November saw the annual freeze settle in for the long, dark winter – and with it, familiar ailments such as cold or flu. These viruses spread easily when people generously share them through a careless cough, sneeze or kiss. Causal germs can be picked up from various surfaces (you’d be surprised by the range of bugs loitering on door handles, tube rails, or the average countertop).
The good news is that just because it’s cold and flu season, it doesn’t mean you have to catch one. Below are six ways to protect yourself from those viral nasties floating about or lurking on common surfaces:
1. Get a flu jab: Ask your local pharmacist or GP how.
2. Wash your hands: Use soap and water before touching your nose, eyes or mouth.
3. Avoid sharing towels or the same household items, e.g cups, as someone who is sick.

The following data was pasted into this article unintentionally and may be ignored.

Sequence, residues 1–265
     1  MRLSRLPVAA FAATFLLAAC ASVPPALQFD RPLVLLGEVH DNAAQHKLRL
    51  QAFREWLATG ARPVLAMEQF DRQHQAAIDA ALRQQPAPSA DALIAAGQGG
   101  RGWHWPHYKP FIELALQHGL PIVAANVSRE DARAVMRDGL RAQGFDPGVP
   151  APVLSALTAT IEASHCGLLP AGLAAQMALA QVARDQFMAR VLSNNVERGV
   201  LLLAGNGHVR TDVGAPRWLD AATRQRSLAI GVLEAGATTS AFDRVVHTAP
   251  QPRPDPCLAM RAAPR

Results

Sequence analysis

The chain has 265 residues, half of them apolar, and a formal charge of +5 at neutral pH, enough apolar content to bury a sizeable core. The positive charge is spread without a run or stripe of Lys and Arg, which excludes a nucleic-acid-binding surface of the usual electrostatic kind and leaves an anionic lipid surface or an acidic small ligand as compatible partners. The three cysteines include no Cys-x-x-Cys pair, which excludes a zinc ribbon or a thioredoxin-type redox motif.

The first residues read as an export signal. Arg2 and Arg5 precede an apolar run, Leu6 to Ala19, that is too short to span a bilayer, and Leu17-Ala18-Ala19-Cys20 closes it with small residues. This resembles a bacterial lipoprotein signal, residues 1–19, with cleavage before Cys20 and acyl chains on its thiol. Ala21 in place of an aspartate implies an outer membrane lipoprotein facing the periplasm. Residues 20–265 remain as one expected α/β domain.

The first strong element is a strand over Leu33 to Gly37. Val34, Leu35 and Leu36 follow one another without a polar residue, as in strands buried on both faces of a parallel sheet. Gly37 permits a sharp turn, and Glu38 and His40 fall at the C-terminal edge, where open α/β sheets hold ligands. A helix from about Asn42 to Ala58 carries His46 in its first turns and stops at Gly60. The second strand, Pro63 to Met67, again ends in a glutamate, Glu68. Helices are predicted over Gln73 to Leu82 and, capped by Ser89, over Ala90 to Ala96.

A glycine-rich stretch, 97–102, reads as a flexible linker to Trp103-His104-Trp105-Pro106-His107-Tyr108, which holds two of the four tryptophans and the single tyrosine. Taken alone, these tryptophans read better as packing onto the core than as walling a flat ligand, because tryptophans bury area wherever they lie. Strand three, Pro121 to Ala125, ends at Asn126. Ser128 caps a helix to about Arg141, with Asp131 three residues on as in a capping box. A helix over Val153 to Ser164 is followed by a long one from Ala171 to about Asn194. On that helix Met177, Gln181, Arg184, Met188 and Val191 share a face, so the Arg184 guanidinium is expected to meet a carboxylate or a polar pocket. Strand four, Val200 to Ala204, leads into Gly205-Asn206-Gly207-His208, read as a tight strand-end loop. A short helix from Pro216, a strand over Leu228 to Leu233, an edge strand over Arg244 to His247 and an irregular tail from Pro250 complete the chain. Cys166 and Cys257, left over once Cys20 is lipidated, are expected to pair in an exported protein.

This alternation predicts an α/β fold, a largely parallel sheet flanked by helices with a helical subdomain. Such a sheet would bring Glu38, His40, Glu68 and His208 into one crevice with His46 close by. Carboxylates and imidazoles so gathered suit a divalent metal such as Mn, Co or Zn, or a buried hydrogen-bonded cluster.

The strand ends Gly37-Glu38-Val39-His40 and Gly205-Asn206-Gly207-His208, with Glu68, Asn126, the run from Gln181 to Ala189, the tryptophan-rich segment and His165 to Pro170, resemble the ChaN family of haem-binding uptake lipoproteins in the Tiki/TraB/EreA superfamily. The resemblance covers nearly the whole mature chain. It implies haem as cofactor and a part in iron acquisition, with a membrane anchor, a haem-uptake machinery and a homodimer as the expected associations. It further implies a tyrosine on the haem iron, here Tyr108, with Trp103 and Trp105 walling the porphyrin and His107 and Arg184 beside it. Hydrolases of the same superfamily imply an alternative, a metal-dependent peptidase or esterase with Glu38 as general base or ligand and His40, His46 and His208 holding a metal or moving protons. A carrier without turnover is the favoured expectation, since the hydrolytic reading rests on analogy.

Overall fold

4. Keep warm: wear extra layers of clothing, especially if you’re out and about. Good quality, waterproof coat, scarf, hat and footwear are basic winter essentials.
5. Eat well. Boost your immune system by consuming the recommended doses of vitamins, particularly vitamin D and C. Green vegetables like broccoli, Brussels sprouts, leafy greens and citrus fruit are rich sources of vitamin C. For vitamin D, look to fatty fish, cheese or egg yolk; some dairy products, orange juice and cereals are also fortified with vitamin D. Supplements also provide a good source. Keep yourself hydrated.
6. Sleep well. Your body needs good quality sleep to heal, refresh and regenerate itself. Adequate sleep helps to optimise your immune system functioning, and prevent respiratory viruses like flu.
If all else fails, if you do manage to snag a cold or flu bug, instead of rushing off to the GP, urgent treatment centre or A&E, head to your local pharmacist. They are fully trained and able to advise you on the best medicines to help you fight off whatever ‘lurgy you’ve contracted. Older people, young children or people with respiratory conditions may be more vulnerable to cold or flu; if that’s you, it’s best to head to your GP if you begin to develop symptoms.